High-throughput genetic testing has advanced dramatically in its application and availability over the past decade. However, in many diseases with well-established genetic underpinnings, such as cardiomyopathies, expanded testing has failed to improve diagnostic yield21. Further, there is significant uncertainty regarding the diagnostic utility of many identified variants. This is partially due to a growing number of incidentally identified rare variants discovered on WES and WGS, which can lead to misdiagnosis22. Amino acid level signal-to-noise analysis is based on well-established strategies for predicting variant pathogenicity and provides the advantage of leveraging large-scale population-based genome studies to refine variant interpretation.

It follows that one of the most crucial steps to this protocol is the selection of control and experimental cohorts. Many of the publicly-available large genome studies are accessible through aggregate databases, such as GnomAD, that can allow for representative control cohorts in this protocol to be as large as 138,632 individuals at present date. Though not all subjects in these aggregate cohorts are ostensibly healthy, the large sample size in the setting of rare disease makes this resource invaluable and allows for a stringent MAF exclusion threshold. Exclusion of common variants is necessary as they are unlikely to be a cause of highly penetrant Mendelian disease. Based on previous work, a MAF threshold of 0.01 for channelopathy-associated genes and 0.0001 for cardiomyopathy genes may be appropriate and has been validated by independent groups23,24. Importantly, given the importance of the MAF threshold, this should be set and validated for each study independently. A MAF threshold need not be applied to an experimental cohort, given the well-established presence of founder mutations in channelopathies and cardiomyopathies. The size of the experimental cohort needs to be sufficient to identify areas where variants may cluster; however, there is no strict size. Additionally, the experimental cohort should not include variants known to be benign within the literature, as this would diminish the veracity of the pathogenic signal.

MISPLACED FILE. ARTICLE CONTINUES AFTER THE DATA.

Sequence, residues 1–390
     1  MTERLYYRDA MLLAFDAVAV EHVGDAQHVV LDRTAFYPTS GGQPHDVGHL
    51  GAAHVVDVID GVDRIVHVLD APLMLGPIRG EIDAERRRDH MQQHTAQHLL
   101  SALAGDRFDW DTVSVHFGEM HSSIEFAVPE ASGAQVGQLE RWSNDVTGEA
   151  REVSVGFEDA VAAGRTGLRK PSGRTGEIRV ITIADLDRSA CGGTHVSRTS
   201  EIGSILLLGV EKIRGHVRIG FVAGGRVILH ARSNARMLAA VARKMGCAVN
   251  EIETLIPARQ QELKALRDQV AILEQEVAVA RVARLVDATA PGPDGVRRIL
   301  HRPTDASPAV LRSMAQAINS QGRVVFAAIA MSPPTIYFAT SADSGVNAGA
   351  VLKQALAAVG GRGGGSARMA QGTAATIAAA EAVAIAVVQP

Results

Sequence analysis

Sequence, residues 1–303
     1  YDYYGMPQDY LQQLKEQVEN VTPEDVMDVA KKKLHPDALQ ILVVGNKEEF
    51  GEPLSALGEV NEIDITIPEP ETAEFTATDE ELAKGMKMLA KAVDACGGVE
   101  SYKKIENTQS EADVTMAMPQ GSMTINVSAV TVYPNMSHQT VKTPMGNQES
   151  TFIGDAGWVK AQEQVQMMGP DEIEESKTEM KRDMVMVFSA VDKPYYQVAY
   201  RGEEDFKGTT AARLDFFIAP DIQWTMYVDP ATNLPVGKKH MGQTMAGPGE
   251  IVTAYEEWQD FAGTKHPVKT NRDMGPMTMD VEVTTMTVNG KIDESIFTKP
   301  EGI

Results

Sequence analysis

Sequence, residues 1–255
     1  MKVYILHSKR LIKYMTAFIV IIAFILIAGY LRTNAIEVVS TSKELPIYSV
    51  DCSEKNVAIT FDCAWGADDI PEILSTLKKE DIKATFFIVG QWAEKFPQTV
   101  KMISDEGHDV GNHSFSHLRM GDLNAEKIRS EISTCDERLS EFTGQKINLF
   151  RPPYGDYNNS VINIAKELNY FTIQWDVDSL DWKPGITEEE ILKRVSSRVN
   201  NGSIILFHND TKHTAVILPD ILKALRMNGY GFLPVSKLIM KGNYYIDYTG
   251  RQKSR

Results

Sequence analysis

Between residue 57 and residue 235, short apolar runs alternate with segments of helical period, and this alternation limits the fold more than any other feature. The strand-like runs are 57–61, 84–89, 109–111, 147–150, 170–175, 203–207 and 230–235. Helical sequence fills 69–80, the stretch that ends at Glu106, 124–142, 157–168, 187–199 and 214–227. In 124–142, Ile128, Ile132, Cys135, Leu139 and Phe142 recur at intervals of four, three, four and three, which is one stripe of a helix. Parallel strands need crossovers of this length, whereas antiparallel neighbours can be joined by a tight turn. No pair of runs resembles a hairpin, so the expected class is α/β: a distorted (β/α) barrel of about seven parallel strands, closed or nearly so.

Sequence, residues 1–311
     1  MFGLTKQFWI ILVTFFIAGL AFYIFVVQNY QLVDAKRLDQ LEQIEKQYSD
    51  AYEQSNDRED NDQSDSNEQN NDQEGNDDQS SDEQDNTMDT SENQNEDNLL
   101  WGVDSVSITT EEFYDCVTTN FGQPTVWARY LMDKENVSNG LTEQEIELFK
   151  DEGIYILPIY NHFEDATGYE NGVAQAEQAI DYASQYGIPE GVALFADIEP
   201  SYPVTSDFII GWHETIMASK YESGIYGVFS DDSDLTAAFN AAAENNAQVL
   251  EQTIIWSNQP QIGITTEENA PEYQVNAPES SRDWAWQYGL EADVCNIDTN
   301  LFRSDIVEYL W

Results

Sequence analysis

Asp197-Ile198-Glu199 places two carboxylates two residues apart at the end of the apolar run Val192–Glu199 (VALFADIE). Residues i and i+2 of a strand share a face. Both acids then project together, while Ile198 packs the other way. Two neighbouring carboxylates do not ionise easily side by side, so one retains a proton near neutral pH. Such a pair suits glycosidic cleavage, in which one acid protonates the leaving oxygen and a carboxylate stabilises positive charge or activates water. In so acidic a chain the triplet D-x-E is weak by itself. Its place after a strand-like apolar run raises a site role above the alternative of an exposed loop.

Properly selecting exclusion criteria is also crucial for interpretation and applicability of the result. Though this protocol recommends excluding certain mutation classes such as synonymous variants, these could feasibly be included for disease processes in which deleterious synonymous variants have been identified25,26. Additionally, when various exclusion criteria are applied to both experimental and control groups, it can allow for stratification of signal-to-noise mapping by mutation subclass (i.e. comparing missense to truncating variants).

Setting a rolling average for MAFs allow for inference of involvement to neighboring amino acids. For example, if amino acid position 35 contains a pathologic variant and resides in a critical protein domain, then position 36 may have a degree of pathogenicity when mutated. Likewise, should a stretch of primary sequence have a large amount of rare control variants, then amino acids within this region that do not host rare variants may yet have a higher likelihood of containing rare variants found in a population. While the rolling average in this protocol is +/- 5, this range can be vary based on the user's desired level of resolution of signal-to-noise ratio and the specific protein being studied. In the example of LQTS, the interrogated KCNQ1-encoded KCNQ1 channel has several transmembrane domains spanning ~10 amino acids, prompting the authors to adjust their desired resolution to reflect significant findings on that scale14. For proteins with a longer primary sequence and protein length, the span of the rolling average may need to be increased due to larger spans of protein sequence without control variation.